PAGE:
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Installation of Rolling Road Marks Significant Step in Commercialisation of Vehicle Heat Recovery Sy

Clean Power Technologies, developer of a unique heat recovery and hybrid power system to reduce vehicle emissions, is pleased to announce a major investment at its Newhaven site with the installation of a ‘Rolling Road’ simulator (or ‘dynamometer’). This equipment can simulate all the road conditions that a vehicle might encounter, allowing rigorous testing of Clean Power’s technology and accelerating it from an advanced prototype to a commercially viable product.

Over the past two and a half years Clean Power Technologies has taken a theoretical concept for heat recovery from the exhaust of internal combustion engines and developed it into a practical working system. This has been achieved through investment in an extensively equipped test laboratory in Newhaven, UK, where intensive research and development activities have been pursued in cooperation with collaborative partners.

Development of the heat recovery system termed CESAR (Clean Energy Storage And Recovery) has now reached the stage where designs for application to vehicle installations are well advanced. Customer expectations are that any vehicle application will be fully reliable, continuously delivering the performance benefits promised in all conditions over a period of at least ten years. To this end Clean Power Technology has made a major investment of approximately $170,000 in a rolling road dynamometer manufactured by Dynomite of New Hampshire USA. This substantial piece of equipment can accommodate a maximum weight double-drive axle truck which turns the dynamometer rollers against a variable load created by applying electrical inertia. This allows the simulation of all road conditions that a truck may encounter in its day to day operation such as hilly terrain, urban stop-start and interstate highway running.

Using field data collected in mid 2008 during a three week exercise with Safeway operations in Canada it will be possible, with appropriate instrumentation, to simulate fleet routes, to develop and refine particular applications, and to deliver maximum fuel benefits with minimum emissions. The equipment will allow, under fully-controlled laboratory conditions, the speedy characterisation of any vehicle exhaust temperature, flow and constituency together with fuel usage.

The Rolling Road will provide the ‘hub’ of the development and validation programme for the CESAR system ensuring optimum functionality for each vehicle application. The issue of durability will also be addressed by other recent investments such as multi-axis shaker test rigs which will be programmed to home-in on harmful resonant frequencies for the system, as identified by data collected over specific proving ground surfaces. By running these shaker rigs on a 24 hour basis in environmental enclosures, capable of operating between -40 and +50 degrees Celsius, ten year life testing can be compressed into a period of only a few months.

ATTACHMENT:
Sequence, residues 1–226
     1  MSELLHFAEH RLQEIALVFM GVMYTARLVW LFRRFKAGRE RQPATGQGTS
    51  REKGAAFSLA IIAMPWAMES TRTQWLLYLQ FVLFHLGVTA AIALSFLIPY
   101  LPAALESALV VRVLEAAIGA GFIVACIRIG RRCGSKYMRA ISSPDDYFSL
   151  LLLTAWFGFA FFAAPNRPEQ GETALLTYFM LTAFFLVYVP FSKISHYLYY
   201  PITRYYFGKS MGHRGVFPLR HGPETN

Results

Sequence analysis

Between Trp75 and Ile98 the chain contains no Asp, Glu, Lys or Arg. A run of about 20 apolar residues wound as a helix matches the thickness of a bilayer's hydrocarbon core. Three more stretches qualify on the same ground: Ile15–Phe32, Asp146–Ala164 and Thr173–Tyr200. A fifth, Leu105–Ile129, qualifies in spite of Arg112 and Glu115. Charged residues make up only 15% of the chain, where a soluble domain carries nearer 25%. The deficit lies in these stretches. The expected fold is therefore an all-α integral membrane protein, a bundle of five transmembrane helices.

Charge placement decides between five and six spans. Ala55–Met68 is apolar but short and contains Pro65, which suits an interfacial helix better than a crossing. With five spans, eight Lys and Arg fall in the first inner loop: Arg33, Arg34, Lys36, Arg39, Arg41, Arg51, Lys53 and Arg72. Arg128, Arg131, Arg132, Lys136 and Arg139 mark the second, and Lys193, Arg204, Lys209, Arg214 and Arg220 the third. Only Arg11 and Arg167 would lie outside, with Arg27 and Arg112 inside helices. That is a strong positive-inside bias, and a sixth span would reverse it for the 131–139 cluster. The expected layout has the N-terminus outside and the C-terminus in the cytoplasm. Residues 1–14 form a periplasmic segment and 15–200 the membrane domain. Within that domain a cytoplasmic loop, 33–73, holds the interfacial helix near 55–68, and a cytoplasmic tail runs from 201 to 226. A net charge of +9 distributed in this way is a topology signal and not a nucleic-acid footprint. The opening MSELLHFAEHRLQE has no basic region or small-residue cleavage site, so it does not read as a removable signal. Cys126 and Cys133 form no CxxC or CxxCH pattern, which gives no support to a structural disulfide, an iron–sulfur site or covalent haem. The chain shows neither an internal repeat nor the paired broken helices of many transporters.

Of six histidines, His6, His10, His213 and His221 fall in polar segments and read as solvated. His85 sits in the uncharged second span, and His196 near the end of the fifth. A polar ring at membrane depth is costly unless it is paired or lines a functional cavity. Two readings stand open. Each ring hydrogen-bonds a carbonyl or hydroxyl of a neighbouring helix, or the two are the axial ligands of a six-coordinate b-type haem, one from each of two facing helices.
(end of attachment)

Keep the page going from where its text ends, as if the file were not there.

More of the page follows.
The Rolling Road will be fully operational in mid March 2009 when testing will commence on a US specification double-drive axle, 12.8 litre Columbia Cab Freightliner truck, purchased by Clean Power at the beginning of the year. This bespoke truck, fitted with a Detroit Diesel engine and Eaton transmission, is designed to be used on highways, hectic city streets, narrow roads and can also be driven off-road. The Rolling Road, which will be able to simulate all these conditions, will be a perfect test ground for the Freightliner, and allow Clean Power to demonstrate how its CESAR technology improves the truck’s fuel efficiency in these conditions.

Abdul Mitha, President and CEO of Clean Power, said: “The installation of the rolling road is a significant milestone in the development of our ground-breaking CESAR system. It will enable us to fine tune our already robust technology and prove that the CESAR system is both durable and strong enough to cope with all the different road conditions experienced by the trucks in which it will be used. Combined with our recent purchase of just such a truck and a range of other advanced simulation equipment, this new testing capability is a vital step in validating the system’s suitability for real-life operating conditions. I am fully confident that our unique steam-hybrid system will stand up to the extreme testing we intend to put it through, completing the final step in making CESAR a commercial reality.”

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